The Irish Times view on corporate tax: Poland’s bad call

Warsaw’s blocking of a new tax package threatens to undermine the good-faith core of a vital pillar of the EU’s collective decision-making

This time it wasn't Ireland wielding the veto. On Tuesday Poland, standing alone, blocked an EU directive implementing global minimum corporation tax rates of 15 per cent agreed between 137 countries at the Organisation for Economic Co-operation and Development (OECD).

Ireland, which has given up its long rearguard action on the issue, supported the measure, which will now return to the next meeting of finance ministers. Poland, which supports the minimum tax rates, says it requires legal assurances on simultaneous implementation of another part of the OECD agreement requiring the world's 100 biggest multinationals to declare profits and pay more tax in the countries where they do business. Warsaw backed the deal at the OECD.

Diplomats fear, however, that Poland has another agenda. Poland is engaged in negotiations with Brussels to unlock its €36 billion in loans and grants from the EU's Covid recovery funds, and there are strong suspicions, denied by Warsaw, that it is following through on a threat to block EU initiatives requiring unanimity if it doesn't get the funds. Commission president Ursula von der Leyen insisted on Tuesday that Poland does not yet fulfil the rule-of-law conditions required to receive pandemic funding, notably in refusing to reform the disciplinary regime for judges. She also signalled the commission's determination on the issue by announcing the activation of the EU's rule-of-law budget mechanism against Hungary to withhold EU funds for its rule-of-law breaches and democratic backsliding.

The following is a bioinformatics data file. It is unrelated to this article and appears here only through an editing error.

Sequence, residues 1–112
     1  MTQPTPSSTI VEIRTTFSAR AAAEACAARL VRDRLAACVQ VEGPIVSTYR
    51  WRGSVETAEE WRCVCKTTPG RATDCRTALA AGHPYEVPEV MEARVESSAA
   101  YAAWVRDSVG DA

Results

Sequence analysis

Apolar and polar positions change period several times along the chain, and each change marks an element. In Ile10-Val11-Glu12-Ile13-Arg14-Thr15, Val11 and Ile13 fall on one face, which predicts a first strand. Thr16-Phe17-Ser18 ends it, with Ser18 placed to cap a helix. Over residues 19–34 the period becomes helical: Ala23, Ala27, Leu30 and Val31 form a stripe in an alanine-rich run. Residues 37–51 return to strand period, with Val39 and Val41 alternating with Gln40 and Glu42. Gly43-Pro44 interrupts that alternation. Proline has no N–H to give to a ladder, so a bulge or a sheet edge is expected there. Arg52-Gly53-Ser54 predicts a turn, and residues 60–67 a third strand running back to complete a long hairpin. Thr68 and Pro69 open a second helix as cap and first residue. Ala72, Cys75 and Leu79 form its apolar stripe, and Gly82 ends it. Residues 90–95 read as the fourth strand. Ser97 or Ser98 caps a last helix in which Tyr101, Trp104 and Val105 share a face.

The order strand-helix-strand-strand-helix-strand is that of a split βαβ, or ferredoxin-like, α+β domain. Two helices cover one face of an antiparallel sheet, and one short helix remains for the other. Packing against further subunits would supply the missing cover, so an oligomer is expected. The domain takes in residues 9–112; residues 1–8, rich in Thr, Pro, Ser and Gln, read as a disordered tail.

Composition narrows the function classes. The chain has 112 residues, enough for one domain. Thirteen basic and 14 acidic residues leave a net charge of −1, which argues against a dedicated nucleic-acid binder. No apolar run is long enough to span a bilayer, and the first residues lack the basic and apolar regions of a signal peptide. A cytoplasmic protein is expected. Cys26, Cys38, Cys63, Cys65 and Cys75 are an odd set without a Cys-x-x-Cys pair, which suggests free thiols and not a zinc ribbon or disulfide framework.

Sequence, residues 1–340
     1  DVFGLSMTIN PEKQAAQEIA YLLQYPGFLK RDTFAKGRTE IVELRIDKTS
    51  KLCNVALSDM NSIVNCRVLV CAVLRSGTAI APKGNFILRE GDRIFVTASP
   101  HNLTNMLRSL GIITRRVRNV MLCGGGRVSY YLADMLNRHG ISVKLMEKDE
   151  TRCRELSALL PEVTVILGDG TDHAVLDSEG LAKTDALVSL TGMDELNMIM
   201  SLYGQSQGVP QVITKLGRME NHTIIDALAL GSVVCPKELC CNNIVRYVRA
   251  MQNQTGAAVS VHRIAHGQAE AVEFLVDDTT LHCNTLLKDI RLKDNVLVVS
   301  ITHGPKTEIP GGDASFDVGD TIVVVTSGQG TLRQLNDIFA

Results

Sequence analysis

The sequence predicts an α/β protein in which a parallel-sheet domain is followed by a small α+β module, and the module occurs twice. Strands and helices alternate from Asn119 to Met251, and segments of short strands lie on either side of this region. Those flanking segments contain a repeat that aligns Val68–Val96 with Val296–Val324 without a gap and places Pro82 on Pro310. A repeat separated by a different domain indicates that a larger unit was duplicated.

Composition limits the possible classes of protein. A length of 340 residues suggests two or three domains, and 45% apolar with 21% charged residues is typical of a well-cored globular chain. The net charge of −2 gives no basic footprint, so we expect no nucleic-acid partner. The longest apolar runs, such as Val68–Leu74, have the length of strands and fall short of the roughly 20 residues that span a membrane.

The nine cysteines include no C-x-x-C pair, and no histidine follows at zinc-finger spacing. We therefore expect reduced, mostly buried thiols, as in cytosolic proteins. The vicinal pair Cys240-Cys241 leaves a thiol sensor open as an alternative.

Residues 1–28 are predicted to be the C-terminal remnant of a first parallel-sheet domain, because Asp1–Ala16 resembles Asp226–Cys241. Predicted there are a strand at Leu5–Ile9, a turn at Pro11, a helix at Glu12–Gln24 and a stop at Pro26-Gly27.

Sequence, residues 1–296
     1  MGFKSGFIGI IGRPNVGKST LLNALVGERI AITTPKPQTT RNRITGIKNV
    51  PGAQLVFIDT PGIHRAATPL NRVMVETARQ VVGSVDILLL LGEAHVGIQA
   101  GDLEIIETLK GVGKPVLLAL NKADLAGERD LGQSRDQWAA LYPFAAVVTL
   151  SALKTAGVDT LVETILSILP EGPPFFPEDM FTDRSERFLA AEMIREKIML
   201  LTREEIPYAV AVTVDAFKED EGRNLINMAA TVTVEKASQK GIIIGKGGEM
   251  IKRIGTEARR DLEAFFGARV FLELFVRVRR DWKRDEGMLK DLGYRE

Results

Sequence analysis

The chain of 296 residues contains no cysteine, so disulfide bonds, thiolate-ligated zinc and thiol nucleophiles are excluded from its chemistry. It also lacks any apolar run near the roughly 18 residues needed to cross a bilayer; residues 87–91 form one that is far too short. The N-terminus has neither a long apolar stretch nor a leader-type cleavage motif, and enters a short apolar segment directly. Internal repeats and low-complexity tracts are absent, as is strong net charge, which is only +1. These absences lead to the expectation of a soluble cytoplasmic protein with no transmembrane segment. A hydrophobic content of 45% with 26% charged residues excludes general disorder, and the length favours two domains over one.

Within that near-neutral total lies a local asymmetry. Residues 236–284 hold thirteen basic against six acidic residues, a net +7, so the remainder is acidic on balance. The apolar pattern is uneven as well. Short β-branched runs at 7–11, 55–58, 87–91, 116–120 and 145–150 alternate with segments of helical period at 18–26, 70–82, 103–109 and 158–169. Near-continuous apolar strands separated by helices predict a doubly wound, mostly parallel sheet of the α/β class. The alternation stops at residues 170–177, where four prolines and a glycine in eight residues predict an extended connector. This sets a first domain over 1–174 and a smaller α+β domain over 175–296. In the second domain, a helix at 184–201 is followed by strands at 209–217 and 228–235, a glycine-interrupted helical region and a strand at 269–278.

Poland’s blockage of the tax package is a serious blow to measures viewed by the majority of EU capitals as vital to tax-raising powers and to their economies. If it is also taking the issue hostage in a completely unrelated dispute, Warsaw is threatening to undermine the good-faith core of a vital pillar of the EU’s collective decision-making. Its fellow member states are being polite at this stage, avoiding public recriminations, but this is a strategy that will backfire. Goodwill, so vital to getting anything in Brussels, will quickly evaporate.